Miller’s viewpoint finds articulation in director Riggen’s experience with the film. “The movie was not intended to make an impact. But Hispanic communities in the US embrace it because for the first time, they see themselves in a movie,” Riggen says, adding that the governments in the US and Mexico have used the film in schools to teach students about immigration related issues.
Meanwhile, Chasing Ice takes a close look inside photographer Balog’s ambitious quest to capture a visual representation of climate change by installing cameras around the Arctic from Greenland to Montana to take time-lapse photographs of receding glaciers. The end result is a stunning testimony to the gravity of human impacts on the planet.
To further understanding and generate communications, Orlowski and other team members have sought to build partnerships with different organizations and tour with the film in the US and around the world. It has been shown at the White House and US Congress; a large number of screenings have been done in universities and colleges as “scientific communities realize that they need to learn how to communicate climate change with the public,” Orlowski says.
The biggest conversion the director has seen takes place among those who “are trained to believe global warming is a hoax.”
“People are in shock and have a hard time understanding what they are seeing [on screen],” the 29-year-old director says.
Another primary goal of the Film Forward initiative is to reach out to communities that may not otherwise have access to independent cinema. Over the past three years, the touring program has brought films to places like the Kakuma Refugee camp in the northwest of Kenya near Sudan, the Saginaw Chippewa Reservation in Michigan and a gay and lesbian youth shelter in Nashville.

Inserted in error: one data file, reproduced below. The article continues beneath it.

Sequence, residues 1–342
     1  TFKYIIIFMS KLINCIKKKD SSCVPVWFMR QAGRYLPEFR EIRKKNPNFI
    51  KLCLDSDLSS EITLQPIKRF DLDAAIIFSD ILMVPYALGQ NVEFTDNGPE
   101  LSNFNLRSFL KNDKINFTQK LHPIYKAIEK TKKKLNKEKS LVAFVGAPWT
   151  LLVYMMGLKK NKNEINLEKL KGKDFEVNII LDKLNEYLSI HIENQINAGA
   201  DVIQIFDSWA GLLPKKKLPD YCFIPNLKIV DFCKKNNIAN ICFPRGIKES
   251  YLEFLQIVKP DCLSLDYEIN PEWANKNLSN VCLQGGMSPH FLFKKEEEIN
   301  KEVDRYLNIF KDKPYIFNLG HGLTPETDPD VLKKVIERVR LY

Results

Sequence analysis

At an event this year, Film Forward showed The Light in Her Eyes, a documentary shot in Syria that examines the role of women in Islam to a group of girls in ninth and tenth grades at a refugee camp in Jordan.
“It is fantastic for the girls, who are struggling with the Qur’an and what it tells them they should and should not do, to watch a film and see girls in another country struggling with the same thing,” Miller says.
Established in 1981 by Robert Redford, the Sundance Institute set its core mission to support independent filmmaking, discover new talents and create an environment where artists can work outside the Hollywood system. The goal has stayed the same over the years, while people at the institute look for different ways to fulfill it.
“We started out to support the inception of filmmaking. Now we support it all the way through distribution,” Miller points out.
As for the Film Forward program, the Sundance veteran admits that it has become increasingly challenging for the nonprofit arts organization to expand while keeping its focus on and siding with filmmakers.
“As a nonprofit organization, we need money to keep us running. But if the dollar doesn’t come with commitment, it makes no sense to us,” she says.
One way to mitigate the problem is to reduce the corporate presence and work with sponsors who share the same values as Sundance and can help to further its mission.